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Protecting the Attorney-Client Privilege While Using Third-Party Consultants

There can be no question that business and legal transactions have become increasingly multi-disciplinary and complex. Business executives and their legal counsel frequently seek guidance from a variety of external consultants, including outside accountants, financial advisors, executive benefits consultants, human resources specialists, insurance brokers, executive recruiters, and public relations advisors (especially in crisis communication situations). Can a company rely on the attorney-client privilege to protect the confidential nature of communications with these external consultants, or will the use of an external consultant constitute a waiver of privilege?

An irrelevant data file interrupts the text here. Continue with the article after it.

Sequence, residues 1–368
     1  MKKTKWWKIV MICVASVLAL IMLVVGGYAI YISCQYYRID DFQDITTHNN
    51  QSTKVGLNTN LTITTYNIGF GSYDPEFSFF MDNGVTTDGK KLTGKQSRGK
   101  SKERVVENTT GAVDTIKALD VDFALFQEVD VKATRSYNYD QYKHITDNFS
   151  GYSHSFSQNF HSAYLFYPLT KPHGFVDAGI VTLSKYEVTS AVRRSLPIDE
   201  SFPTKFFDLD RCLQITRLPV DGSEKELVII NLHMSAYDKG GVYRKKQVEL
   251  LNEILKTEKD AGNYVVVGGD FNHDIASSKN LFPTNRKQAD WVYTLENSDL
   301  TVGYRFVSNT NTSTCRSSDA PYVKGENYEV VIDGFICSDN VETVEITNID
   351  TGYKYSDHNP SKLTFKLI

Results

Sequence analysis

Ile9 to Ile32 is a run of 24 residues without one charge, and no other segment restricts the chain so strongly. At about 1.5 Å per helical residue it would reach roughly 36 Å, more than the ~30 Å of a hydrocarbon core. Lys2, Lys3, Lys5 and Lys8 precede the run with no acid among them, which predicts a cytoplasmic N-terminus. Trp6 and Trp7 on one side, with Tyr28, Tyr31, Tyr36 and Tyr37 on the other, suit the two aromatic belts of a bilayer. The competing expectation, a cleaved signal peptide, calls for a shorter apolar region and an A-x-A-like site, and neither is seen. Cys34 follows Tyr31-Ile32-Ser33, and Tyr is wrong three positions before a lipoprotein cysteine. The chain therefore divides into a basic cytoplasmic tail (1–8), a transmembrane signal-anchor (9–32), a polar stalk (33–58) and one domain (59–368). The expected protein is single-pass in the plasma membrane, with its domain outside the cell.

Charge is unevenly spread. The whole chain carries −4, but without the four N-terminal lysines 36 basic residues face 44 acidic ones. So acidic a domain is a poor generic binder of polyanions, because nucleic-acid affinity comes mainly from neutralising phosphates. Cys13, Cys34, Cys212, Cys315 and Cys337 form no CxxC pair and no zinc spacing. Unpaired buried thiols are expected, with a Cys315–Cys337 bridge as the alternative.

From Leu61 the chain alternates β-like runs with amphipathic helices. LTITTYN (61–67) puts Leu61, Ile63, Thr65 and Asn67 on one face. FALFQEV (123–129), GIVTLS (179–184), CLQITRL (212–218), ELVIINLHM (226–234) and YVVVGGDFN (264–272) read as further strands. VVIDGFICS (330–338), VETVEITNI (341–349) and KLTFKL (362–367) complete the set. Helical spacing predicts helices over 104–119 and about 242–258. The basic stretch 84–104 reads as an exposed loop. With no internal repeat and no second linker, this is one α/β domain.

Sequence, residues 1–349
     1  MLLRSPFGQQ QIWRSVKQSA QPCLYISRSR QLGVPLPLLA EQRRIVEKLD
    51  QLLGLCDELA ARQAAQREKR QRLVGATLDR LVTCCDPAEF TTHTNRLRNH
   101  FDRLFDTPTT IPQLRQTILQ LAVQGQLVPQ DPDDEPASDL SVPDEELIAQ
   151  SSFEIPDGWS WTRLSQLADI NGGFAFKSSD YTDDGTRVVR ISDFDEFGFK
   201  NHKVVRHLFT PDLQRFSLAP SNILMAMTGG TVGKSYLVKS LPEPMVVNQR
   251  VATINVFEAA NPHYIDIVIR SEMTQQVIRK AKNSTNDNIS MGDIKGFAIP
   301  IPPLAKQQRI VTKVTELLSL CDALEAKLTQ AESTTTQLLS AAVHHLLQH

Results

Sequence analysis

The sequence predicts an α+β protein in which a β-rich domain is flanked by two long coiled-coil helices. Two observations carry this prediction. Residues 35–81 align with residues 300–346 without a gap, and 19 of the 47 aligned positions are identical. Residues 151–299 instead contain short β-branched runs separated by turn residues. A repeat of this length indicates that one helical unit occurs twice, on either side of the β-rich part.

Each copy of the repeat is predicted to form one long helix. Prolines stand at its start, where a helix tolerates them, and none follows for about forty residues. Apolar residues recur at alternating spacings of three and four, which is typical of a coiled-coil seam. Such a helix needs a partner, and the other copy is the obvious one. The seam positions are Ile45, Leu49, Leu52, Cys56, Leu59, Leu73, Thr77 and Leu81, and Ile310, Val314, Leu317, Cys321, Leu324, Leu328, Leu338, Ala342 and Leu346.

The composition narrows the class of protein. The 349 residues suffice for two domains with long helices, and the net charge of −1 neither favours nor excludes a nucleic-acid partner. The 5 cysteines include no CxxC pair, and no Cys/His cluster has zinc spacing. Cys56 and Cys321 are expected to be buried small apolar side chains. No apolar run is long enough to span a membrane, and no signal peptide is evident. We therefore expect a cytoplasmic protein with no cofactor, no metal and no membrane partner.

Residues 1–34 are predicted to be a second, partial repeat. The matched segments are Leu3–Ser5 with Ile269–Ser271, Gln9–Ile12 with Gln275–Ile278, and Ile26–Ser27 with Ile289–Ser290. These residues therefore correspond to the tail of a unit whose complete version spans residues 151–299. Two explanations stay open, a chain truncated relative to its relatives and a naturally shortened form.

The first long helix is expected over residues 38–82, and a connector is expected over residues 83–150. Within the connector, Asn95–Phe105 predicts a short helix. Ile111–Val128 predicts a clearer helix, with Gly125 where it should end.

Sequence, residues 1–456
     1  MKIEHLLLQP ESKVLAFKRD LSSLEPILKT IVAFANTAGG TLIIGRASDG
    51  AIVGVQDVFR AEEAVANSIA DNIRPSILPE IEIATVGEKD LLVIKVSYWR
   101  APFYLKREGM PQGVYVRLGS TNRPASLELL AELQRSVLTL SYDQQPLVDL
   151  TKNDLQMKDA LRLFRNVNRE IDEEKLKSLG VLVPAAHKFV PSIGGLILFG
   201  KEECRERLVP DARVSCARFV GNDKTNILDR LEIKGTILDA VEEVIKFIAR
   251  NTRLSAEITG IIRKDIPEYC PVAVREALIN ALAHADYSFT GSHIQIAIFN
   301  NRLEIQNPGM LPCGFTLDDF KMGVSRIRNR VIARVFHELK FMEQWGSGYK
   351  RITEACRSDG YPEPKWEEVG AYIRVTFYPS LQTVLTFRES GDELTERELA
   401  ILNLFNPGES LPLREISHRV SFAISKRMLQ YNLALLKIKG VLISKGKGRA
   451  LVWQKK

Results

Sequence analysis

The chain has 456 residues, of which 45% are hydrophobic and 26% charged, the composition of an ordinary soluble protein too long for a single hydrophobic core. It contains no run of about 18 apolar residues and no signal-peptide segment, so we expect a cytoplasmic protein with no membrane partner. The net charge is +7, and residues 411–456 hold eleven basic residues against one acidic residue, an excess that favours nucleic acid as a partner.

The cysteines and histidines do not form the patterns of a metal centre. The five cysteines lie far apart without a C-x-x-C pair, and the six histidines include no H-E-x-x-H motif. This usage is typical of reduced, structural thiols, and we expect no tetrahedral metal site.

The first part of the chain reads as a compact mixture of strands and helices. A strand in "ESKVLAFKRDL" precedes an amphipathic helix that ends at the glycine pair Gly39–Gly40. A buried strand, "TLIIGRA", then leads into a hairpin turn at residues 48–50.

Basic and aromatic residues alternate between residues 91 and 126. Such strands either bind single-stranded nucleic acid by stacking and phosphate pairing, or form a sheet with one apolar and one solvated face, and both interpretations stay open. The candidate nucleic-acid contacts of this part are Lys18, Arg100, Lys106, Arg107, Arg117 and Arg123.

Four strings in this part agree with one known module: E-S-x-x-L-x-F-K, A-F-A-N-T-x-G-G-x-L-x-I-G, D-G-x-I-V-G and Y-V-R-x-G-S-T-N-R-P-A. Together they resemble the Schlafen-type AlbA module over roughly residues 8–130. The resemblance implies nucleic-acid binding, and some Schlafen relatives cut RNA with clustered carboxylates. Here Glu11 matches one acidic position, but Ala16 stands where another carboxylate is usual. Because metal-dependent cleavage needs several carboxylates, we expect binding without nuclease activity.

The attorney-client privilege protects communications between a client and counsel that were intended to be confidential and were kept confidential, where the communications were made to obtain or provide legal advice. In some circumstances, the attorney-client privilege may extend to non-lawyers consulted by internal corporate counsel and external counsel at law firms if the communications were made in confidence for the purpose of facilitating the attorney providing legal advice.

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